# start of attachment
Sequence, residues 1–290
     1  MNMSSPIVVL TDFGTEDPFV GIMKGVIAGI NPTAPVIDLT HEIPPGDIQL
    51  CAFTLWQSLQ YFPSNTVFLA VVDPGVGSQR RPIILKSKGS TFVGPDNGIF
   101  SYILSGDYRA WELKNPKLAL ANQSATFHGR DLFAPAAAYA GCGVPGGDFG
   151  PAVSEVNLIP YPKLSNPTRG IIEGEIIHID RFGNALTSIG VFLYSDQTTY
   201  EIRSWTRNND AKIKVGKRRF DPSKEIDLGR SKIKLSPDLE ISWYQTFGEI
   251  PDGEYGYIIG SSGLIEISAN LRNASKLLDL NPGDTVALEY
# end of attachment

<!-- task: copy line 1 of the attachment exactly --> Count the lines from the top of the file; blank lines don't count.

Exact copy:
Sequence, residues 1–290